How Productivity Can Negatively Impact Mental Health, According To Professor Cassie Holmes

We are approaching that time of year when "being busy" becomes a whole new monster. Between people holiday shopping earlier than ever, seemingly endless social commitments, and looming end-of-the-year deadlines, it can be hard to find a minute of free time for yourself. Even though excessive busyness can lead to exhaustion and burnout, it usually also connotes something positive. Checking things off your list, getting stuff done, and being productive are all good things, right? 

Well, not always. Productivity is very much ingrained in the American way of life, as noted by SELF. As a result, it can be hard to distinguish between positive productivity and "toxic productivity." If you find yourself incapable of relaxing and are constantly coming up with new things to add to your neverending to-do list, this may be a sign that your productivity has become unhealthy, per HuffPost

While there is no behavior that fully captures this phenomenon, it can often be recognized by feelings of shame or "guilt for not constantly doing something," according to mental health experts. In a recent episode of "The Goop Podcast," Gwenyth Paltrow sat down with UCLA business school professor Cassie Holmes to discuss excessive productivity and the negative impact it can have on mental health.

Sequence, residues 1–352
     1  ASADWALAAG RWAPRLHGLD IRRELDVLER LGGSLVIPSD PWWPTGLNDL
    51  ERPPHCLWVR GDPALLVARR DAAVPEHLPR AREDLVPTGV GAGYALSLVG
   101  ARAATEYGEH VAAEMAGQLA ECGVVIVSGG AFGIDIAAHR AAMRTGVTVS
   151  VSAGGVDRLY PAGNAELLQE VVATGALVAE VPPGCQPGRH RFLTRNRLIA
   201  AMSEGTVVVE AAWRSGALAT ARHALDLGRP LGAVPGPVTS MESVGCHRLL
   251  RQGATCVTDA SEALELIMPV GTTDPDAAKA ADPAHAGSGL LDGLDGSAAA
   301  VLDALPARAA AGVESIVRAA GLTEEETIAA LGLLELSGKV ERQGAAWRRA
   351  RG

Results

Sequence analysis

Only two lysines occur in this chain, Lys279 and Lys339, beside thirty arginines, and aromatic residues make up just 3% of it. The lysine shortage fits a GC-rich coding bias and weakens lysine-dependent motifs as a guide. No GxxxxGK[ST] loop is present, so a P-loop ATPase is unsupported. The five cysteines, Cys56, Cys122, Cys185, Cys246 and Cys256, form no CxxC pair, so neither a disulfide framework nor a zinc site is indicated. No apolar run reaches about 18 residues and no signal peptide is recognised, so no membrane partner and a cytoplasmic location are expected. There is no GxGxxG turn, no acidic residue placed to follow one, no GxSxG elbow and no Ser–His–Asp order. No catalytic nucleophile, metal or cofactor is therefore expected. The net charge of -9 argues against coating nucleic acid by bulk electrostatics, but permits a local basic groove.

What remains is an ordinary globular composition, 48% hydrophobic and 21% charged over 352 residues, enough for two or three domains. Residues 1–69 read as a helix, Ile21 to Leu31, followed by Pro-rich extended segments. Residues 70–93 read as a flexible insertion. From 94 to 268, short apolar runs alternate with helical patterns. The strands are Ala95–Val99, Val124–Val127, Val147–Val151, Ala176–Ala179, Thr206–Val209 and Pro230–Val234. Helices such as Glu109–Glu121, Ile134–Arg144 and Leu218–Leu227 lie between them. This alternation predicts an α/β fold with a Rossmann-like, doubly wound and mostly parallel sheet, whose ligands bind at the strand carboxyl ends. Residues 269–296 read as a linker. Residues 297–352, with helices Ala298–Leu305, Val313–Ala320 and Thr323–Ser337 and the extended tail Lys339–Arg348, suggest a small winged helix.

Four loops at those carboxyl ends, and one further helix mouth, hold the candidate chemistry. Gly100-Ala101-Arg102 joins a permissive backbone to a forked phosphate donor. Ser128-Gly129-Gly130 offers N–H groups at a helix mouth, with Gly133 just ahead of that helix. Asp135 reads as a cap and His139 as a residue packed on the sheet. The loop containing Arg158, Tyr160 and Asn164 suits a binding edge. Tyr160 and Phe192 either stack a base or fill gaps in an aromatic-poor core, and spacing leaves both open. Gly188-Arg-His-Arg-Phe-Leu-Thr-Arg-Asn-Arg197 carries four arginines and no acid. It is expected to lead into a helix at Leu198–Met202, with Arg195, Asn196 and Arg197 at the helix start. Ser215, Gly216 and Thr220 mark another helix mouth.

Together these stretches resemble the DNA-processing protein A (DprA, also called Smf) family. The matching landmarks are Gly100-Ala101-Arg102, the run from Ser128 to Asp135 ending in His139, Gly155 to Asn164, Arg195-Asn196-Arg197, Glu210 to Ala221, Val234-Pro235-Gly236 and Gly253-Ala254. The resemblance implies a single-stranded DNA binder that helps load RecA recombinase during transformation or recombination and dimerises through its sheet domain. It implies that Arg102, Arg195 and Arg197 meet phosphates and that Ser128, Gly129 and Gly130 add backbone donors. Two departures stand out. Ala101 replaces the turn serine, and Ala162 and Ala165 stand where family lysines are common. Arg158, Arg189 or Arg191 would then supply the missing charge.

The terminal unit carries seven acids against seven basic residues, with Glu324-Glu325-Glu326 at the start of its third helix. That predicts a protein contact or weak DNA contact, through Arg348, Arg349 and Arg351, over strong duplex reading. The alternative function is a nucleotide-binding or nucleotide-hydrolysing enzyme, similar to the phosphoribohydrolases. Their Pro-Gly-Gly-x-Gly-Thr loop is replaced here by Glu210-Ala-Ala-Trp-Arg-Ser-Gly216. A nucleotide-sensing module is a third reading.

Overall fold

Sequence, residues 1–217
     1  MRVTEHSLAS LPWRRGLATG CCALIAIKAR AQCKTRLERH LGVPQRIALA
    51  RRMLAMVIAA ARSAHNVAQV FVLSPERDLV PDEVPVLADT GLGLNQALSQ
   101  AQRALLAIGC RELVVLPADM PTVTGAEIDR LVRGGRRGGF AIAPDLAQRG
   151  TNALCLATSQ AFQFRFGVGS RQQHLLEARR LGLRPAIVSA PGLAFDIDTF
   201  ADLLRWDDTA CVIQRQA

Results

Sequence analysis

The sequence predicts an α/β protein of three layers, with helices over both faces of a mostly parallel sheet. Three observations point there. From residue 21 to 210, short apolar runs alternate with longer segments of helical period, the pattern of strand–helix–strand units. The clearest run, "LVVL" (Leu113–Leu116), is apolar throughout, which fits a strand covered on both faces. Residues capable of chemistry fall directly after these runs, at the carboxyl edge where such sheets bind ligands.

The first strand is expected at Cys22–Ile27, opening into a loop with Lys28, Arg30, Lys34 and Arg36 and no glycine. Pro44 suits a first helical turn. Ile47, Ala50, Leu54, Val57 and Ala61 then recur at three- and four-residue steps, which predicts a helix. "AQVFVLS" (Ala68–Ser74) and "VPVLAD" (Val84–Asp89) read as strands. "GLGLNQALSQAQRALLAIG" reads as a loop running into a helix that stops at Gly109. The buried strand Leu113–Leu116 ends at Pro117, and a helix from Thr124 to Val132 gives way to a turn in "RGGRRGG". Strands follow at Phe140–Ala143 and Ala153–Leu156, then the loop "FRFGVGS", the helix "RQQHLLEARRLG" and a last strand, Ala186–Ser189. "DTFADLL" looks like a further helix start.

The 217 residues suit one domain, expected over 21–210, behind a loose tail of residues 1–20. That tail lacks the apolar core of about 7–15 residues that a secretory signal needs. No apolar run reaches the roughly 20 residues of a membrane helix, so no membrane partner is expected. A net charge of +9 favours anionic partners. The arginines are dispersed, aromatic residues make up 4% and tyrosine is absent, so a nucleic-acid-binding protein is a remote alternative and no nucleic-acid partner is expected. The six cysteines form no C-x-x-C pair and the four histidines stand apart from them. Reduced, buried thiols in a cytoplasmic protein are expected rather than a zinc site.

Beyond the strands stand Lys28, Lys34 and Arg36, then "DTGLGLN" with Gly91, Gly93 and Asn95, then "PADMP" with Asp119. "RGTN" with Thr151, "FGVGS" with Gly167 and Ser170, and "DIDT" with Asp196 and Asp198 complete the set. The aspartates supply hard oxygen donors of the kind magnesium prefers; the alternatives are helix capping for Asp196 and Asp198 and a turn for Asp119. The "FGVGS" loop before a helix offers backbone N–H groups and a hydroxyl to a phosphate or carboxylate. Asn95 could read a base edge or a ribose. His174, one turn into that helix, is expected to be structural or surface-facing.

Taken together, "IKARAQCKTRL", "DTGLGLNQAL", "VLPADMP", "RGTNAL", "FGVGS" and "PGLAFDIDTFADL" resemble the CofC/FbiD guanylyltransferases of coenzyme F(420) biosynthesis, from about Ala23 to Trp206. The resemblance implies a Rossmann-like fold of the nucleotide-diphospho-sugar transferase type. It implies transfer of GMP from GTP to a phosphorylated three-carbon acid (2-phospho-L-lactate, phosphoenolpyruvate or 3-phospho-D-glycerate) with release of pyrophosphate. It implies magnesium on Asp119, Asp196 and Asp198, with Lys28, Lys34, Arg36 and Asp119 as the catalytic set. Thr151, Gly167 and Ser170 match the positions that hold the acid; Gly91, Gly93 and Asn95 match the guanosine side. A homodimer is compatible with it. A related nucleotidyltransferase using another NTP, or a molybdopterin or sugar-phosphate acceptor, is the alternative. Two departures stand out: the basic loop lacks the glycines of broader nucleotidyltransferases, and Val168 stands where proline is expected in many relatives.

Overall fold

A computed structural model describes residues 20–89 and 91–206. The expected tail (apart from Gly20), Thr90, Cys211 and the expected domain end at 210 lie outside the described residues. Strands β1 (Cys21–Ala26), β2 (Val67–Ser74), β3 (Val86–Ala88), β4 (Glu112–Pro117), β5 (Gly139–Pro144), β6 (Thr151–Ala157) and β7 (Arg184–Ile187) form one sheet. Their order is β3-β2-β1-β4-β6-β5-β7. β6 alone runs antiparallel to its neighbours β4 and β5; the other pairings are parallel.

Being too productive can lead to burnout and exhaustion

If you recognize signs of "toxic productivity" in yourself, you're not alone. According to UCLA professor Cassie Holmes, almost 50% of Americans experience a sense of "time poverty," which leads to a relentless, all-encompassing desire to get more done. During an appearance on "The Goop Podcast," Holmes described time poverty as the perpetuating idea that "if only I do more, then I will succeed."

According to Holmes, too much productivity "leads to burnout and depletion, and a sense of exhaustion." The UCLA professor explained that feeling time-poor "makes us less healthy, so less likely to exercise. It makes us less nice or less likely to help others out. It makes us less confident, and our work shows it makes us less happy." Yikes. As it turns out, being too productive may actually have the exact opposite effect of what you intended.

There are several ways to tell if you are truly happy. And, in her own book, "Happier Hour," Holmes discusses the benefits of moving away from constant work and moving towards solely focusing on tasks that are "worthwhile." Before jumping into your next to-do item of the day, Dr. Swody, an expert who spoke with SELF, recommends questioning what your motivations are. "If 'should' creeps into how you think about an achievement ... that's likely a sign external expectations are influencing you," Swody revealed. Thankfully, "Realizing that is an important first step in prioritizing what actually matters to you."